Hurricane Florence grew Monday to a Category 4 storm, according to the National Hurricane Center.
The hurricane was a Category 3 storm earlier Monday, but it strengthened to a Category 4 storm. The hurricane now has maximum sustained winds of 130 mph.
Even further strengthening is possible over the next several days.
Speaking at a press conference Monday morning, North Carolina Governor Roy Cooper said he has asked President Trump for a federal disaster declaration for the state ahead of Hurricane Florence.
The federal declaration would free up federal assistance and supplement state and local efforts in providing emergency response, Cooper says.
Gov. Cooper also says he spoke with FEMA Director Brock Long earlier on Monday.
He also said people in its path should prepare to be without power for a while.
“When it comes to utilities, families need to be ready,” Gov. Cooper said. “They need to prepare to be without power for a while, that’s why we’re urging people to have their emergency kits and prepare for this.”
Gov. Cooper foresees three separate threats from Hurricane Florence: an initial surge of ocean water along the coast, followed by strong winds, and ultimately, inland flooding. “North Carolina is taking Hurricane Florence seriously, and you should too,” Cooper said.
Cooper also expects other coastal communities to follow the lead of Dare County and issue mandatory evacuation orders for residents and visitors either Monday or Tuesday.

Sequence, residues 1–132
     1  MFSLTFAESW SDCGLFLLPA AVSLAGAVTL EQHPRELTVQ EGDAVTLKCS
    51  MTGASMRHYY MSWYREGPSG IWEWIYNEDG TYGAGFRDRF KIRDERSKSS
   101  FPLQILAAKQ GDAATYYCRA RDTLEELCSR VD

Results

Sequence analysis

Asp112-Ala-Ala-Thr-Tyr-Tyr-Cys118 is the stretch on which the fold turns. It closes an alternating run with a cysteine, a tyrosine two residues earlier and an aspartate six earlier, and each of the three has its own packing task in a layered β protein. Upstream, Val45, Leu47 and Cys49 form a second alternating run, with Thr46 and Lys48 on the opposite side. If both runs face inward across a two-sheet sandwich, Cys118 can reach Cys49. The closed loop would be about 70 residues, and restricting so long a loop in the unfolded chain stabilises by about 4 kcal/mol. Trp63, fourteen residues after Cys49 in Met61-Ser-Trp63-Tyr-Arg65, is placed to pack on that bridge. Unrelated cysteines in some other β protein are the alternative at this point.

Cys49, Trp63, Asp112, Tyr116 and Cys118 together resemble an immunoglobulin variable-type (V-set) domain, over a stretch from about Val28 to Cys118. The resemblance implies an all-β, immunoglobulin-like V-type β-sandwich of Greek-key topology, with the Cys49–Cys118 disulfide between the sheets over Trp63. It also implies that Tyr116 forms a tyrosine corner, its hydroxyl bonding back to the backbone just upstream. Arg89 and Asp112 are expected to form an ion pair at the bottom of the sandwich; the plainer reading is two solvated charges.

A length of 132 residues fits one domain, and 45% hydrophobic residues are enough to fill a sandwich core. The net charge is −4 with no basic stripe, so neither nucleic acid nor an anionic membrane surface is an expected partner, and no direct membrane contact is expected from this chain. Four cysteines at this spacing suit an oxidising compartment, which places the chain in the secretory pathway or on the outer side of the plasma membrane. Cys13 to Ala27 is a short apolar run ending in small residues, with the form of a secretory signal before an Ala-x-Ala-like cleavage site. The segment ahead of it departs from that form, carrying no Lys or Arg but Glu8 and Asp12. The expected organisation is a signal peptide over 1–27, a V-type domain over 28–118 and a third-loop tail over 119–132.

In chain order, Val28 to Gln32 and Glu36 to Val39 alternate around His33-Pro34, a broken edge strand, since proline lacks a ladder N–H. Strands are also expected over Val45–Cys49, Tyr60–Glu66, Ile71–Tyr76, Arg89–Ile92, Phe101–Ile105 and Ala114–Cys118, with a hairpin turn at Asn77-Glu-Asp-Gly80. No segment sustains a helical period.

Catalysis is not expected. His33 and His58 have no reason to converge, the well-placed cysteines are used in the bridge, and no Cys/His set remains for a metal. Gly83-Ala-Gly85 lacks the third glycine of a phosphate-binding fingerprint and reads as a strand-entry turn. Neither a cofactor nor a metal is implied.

Astronaut Ricky Arnold, who is currently hurtling around Earth on the International Space Station, looked out his window this morning and saw Hurricane Florence spinning over the Atlantic.
See the photos:
Florence now has maximum sustained winds of 115mph, and gusts to 140mph according to the National Hurricane Center.
This makes Florence a CAT 3, major hurricane, and further strengthening is forecast.
Florence is likely to be a direct threat to the U.S. East Coast late this week.
Hurricane Florence has its sights set on North and South Carolina, and if it hits as hard as predicted, the storm will be the most powerful to pound the area in three decades, CNN meteorologist Chad Myers said Monday.
"This storm gets stronger and stronger" and is on its way to a head-on impact on the Carolinas later this week, Myers said.
Water up to 15 feet high will strike the coast, and rainfall inland over the next four to five days could reach 20 inches in some locations, he said.